Colin: Barbara Riley was a gentle, funny and very special friend

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In 1995 I was elected to join the board of an adolescent organization that was planning an indoor skating rink for the Manchester community. I also served on the development committee of the organization and coincidentally, I was also on the board of the Vermont Symphony Orchestra, which at that point was negotiating with the rink board to arrange to perform concerts in the summer months at the proposed rink arena.

Knowing that Barbara Riley was a great music fan, I introduced her to the concept that we were proposing and got her interested in the project. Indeed, interested she was, enough to become what turned out to the most generous contributor to the fund being raised to build the facility. When it came time to give the structure a name, the board unanimously agreed to name it after Barbara. We also elected her to the board on which she served for many years.

Also in the late 1990s, I was on the board of Smokey House Center in Danby, the organization that served the greater Rutland and Northshire communities to provide opportunities for the children of lower income families to work during about nine months of the year at the 500-plus-acre farm at which it planted not only a broad spectrum of vegetables and fruits, but also raised pigs, goats, sheep and horses.

During the schools months, the kids would come to Smokey House after school hours. In the summer, they would be in Danby all day. The program was organized so that teams of five or six youngsters averaging the age of about 12 years and led by a counselor, would learn all aspects of farming, but also would spend classroom time in being introduced to the basic management functions, etc.

It was a program in which I thought Barbara would be interested and, indeed, she was not only intrigued with it, but she made another extremely magnanimous contribution to the organization for a number of years and seemed to thoroughly enjoy the occasional visits she made to the Danby property.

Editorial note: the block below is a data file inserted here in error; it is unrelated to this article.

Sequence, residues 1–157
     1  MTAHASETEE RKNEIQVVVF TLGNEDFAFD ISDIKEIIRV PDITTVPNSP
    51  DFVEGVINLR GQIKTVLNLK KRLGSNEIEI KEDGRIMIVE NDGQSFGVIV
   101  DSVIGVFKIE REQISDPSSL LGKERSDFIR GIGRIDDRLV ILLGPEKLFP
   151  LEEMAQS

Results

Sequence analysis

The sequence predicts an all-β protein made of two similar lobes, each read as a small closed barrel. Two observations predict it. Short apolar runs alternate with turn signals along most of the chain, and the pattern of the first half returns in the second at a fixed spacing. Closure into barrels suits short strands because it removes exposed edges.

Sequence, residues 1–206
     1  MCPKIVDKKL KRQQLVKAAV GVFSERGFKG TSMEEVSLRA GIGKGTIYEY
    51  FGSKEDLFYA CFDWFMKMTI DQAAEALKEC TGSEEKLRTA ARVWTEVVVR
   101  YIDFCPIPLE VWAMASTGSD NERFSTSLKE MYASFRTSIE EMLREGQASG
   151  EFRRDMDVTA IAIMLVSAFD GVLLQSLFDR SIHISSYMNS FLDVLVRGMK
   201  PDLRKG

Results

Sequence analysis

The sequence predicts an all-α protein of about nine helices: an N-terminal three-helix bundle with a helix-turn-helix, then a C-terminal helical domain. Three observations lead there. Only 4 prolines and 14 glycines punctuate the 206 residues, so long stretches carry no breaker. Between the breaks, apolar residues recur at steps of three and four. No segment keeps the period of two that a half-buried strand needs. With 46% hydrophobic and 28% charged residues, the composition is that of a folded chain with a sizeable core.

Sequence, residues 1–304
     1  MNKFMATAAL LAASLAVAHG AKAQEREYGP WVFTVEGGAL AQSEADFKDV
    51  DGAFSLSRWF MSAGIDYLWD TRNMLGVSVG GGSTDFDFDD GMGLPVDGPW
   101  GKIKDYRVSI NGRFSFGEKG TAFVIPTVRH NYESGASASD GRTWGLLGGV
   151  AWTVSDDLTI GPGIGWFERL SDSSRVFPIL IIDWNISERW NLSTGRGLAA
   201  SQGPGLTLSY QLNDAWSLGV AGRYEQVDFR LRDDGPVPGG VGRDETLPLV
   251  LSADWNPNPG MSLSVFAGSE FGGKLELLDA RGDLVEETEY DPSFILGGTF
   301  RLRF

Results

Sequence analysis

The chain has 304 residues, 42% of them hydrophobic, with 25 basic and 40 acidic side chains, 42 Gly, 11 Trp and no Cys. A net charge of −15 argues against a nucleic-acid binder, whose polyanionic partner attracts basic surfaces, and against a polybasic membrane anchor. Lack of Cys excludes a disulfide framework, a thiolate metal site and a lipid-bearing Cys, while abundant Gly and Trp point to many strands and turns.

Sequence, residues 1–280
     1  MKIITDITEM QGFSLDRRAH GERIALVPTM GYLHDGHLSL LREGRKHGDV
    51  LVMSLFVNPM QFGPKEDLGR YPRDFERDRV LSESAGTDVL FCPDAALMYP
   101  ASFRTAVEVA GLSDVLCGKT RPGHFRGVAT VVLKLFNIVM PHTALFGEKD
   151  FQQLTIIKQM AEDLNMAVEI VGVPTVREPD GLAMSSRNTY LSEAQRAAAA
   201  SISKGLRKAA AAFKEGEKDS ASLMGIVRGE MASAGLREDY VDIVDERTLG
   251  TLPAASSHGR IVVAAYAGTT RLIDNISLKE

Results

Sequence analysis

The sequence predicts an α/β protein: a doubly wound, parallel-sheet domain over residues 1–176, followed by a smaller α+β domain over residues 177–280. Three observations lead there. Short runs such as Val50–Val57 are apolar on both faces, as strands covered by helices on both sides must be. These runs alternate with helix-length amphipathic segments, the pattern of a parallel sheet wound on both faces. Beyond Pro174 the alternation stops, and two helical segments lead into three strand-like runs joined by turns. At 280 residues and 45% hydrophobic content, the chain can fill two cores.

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Some of your readers may recall that back in 2002, the townspeople of our community decided to experiment with a group of film industry representatives in presenting what we hoped might become an annual event. It was the Manchester Film Festival. Barbara was somewhat cautious about the prospect, but with her usual energetic approach to concepts of that kind, dove right in and, in fact, undertook to be the chair of the program with me serving by her side as vice chair.

It must be noted that without her fantastic support, the experiment would never have taken place at all and it was, by the way, a terrifically successful event from an entertainment point of view, but it turned out to be a financial disaster because a couple of the professional film "experts" who originally proposed the concept turned out to be poor financial managers.

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It lasted only one year, but those who attended the large variety of film presentations, including a couple of "world premieres," had a hell of a good time.

Another side of Barbara's life was one to which I was immediately attracted when I first got to know her and one in which we shared a deep, satisfying and loving interest: animals. We spent hours discussing them on numerous occasions when we enjoyed shared meals or just chatting.

At one point, if my memory serves me correctly, she had nine dogs in her wonderful home, canines of all sizes and personalities. She was the most animal-caring person I have ever known.

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Her fabulous outdoor parties were what she might have been most famous for to a large number of people in our community, but to me, her cherishing of and devotion to all animals and her all-encompassing generosity to the institutions within the communities in which she lived were the outstanding and often the unique qualities for which I shall always remember her.

On the outside she may have presented herself to others who didn't know her well enough as a rough and tough broad, but to those of us who were fortunate enough to know and see her as the kind, thoughtful and loving woman that she really was. Although she might, at times, have been reluctant to reveal generally, she was a gentle, funny and very special friend.

I feel privileged to have known her and will miss her greatly.

Ralph Colin is a resident of Dorset.


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